December 23, 2017

Together No. 13

"Together (No. 13)," acrylic on birch panel, 24" x 48"

Ta-da, numero 13 of my series Together, just for all the misanthropes. If you've forgotten why I started this series and what it has to do with anything, the explanation can be found over at

I'm not sure what it is about these but they keep selling, which is odd because here in California I haven't really wrapped my head around how to conceptualize things as I was able to in Italy or elsewhere. Despite the insanely glorious weather, you're more likely to see a bunch of cars rubbing bumpers than people rubbing elbows, or if they are people, they're smushed into turnstiles at Walmart or Target.

The other place, of course, can be Joshua Tree, the sequoias, and all the spots people escaping people follow other people escaping people only to find themselves together again.

Fairgrounds with security, admissions, and super set-design curation are also good. That's where this painted rectangle happened to come from: a show I did near San Diego in the Fall, slipping out for moment to do my hoser duty and hear Alanis Morissette perform (yup) and then, believe it or not, Tom Petty, a few weeks before he moved on to the spirit in the sky.

November 5, 2017

Tailor Shop - Sastrería

"Tailor Shop - Sastrería," 9" x 12", watercolour on Arches 140 lb. cotton paper

One of the best parts about living in Southern California is the bilingual culture, at least on the part of those who grew up speaking a language besides English (more on that in a sec).

Spanish is particularly alive and well and knowing even a bit of it can open doors to vistas that the culture of California on the surface tends to ignore.

One of my kids is in a pilot "dual immersion" Spanish-English program at school, thanks to Prop 58 which just overturned Prop 227, a mingy measure passed in 1998 that required Californian schools to teach "overwhelmingly" in the language of the Anglos, with little transitional instruction for recent arrivals.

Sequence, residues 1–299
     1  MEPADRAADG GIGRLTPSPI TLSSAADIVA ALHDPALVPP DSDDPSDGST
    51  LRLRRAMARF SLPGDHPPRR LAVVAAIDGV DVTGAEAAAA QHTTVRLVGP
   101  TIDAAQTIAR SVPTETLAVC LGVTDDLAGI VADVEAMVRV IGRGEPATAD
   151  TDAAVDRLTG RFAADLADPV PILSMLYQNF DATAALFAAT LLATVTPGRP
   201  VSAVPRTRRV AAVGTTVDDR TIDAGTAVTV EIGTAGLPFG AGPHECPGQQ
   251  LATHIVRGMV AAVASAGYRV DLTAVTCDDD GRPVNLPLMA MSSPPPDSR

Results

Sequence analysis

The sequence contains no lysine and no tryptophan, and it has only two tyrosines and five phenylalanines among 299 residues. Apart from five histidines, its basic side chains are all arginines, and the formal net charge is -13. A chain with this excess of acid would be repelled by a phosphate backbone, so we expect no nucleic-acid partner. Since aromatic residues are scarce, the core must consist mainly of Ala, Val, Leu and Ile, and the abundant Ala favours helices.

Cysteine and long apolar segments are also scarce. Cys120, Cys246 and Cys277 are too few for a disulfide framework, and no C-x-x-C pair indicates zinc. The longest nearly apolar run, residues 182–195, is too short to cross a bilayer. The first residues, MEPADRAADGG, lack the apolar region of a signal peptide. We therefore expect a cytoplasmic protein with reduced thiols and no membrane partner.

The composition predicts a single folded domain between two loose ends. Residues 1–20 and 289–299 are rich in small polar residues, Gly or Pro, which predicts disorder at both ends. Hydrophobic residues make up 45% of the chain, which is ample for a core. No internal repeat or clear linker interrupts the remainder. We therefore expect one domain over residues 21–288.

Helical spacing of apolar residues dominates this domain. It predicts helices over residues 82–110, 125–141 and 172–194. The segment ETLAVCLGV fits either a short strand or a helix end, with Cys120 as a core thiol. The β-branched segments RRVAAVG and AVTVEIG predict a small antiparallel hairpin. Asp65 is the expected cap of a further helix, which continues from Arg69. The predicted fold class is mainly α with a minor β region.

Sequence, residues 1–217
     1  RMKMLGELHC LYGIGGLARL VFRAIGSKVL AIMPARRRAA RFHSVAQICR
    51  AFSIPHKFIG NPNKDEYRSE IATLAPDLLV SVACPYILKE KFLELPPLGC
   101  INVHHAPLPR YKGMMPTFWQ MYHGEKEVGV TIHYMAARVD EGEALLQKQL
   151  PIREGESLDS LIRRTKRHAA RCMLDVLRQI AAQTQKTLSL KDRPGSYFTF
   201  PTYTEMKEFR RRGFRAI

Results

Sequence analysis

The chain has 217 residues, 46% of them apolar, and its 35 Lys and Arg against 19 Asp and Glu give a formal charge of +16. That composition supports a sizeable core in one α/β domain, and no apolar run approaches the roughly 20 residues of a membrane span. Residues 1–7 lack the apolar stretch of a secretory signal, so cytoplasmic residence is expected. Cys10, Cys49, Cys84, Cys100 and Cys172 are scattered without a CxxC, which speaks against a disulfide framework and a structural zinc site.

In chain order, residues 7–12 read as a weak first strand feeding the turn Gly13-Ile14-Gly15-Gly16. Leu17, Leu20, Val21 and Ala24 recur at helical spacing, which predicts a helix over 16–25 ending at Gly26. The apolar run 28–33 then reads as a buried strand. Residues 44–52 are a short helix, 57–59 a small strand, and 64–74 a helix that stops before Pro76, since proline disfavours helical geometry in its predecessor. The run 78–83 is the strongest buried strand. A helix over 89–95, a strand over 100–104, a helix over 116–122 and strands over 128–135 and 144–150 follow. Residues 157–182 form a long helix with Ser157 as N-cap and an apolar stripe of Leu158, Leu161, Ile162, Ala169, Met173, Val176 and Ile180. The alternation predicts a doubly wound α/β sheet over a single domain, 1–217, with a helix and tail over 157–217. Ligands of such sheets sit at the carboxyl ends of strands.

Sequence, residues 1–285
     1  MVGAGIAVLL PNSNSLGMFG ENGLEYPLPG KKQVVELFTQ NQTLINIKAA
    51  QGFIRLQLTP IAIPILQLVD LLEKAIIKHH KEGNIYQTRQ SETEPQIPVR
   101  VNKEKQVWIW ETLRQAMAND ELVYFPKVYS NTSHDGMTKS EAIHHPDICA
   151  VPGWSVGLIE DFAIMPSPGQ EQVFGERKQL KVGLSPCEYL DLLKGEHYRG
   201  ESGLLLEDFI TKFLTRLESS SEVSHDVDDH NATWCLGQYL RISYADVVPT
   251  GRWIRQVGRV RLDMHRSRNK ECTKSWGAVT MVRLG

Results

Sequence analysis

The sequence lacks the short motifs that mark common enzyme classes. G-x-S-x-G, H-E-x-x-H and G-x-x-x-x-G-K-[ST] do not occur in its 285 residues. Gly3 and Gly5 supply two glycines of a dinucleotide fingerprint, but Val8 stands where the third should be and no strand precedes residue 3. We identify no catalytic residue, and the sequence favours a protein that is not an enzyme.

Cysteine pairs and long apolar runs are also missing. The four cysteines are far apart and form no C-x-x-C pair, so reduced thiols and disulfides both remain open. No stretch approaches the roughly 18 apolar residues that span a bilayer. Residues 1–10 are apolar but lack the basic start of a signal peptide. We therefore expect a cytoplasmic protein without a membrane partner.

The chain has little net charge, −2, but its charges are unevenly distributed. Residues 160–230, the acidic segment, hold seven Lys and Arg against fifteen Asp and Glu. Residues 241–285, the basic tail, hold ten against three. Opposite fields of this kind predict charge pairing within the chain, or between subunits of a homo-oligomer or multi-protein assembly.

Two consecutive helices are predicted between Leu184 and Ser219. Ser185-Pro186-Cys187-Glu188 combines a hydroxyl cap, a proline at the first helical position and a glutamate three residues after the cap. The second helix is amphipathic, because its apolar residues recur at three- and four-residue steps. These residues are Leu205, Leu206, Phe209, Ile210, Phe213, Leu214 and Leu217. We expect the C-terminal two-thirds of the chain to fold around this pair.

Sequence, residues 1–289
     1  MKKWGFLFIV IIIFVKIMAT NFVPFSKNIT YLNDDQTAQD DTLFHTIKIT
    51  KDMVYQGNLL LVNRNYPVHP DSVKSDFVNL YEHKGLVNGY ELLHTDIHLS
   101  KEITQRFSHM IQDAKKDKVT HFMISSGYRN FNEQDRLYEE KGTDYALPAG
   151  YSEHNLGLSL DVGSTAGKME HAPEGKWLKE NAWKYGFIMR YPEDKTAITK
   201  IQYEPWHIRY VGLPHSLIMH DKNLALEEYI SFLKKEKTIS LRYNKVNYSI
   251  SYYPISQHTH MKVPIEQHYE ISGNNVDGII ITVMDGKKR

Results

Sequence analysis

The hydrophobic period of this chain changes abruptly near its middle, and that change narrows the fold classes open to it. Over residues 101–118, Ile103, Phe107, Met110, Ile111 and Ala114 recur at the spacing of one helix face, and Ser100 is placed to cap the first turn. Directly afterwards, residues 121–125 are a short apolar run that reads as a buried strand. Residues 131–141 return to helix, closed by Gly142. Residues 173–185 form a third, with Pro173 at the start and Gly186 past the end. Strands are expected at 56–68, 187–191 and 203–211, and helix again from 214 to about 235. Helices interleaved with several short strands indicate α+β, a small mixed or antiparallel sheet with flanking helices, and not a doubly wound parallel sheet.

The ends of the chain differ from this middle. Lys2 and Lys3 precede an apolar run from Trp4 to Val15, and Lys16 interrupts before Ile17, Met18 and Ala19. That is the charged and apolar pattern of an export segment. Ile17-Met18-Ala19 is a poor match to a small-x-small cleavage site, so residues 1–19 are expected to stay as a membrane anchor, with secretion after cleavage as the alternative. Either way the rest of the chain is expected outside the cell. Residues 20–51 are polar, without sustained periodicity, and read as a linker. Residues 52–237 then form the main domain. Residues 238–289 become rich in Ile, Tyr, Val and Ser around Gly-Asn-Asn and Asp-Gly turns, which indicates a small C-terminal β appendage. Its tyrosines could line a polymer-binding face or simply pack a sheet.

The school doesn't rank high enough for the Tiger Parents but we love it, not just because we happen to know Spanish but because communicating in another tongue, as babyish and uneasy as it can make you feel at the start, really does shift how you see things. It radically de-centres, I would say, and can shake up and confuse, for a moment anyway, who's privileged and who isn't.

On the days I wait in line for the bell with my little one, the chattiest parents, the most assured and confident - in their places of work ignored, as a rule, behind leaf blowers and feather dusters - are the Hispanophones.

Over the years I've done a fair amount of translation work. I came across this passage recently in the preface to a bilingual volume of Italian Renaissance poetry (I know, the stuff I read!). It's specifically about translation but I think it applies more broadly.

British and American publishers have reaped the financial benefits of successfully imposing English-language cultural values on a vast foreign readership, while producing cultures in the United Kingdom and the United States that are aggressively monolingual, unreceptive to foreign literatures, accustomed to fluent translations that invisibly inscribe foreign texts with British and American values and provide readers with the narcissistic experience of recognizing their own culture in the cultural other.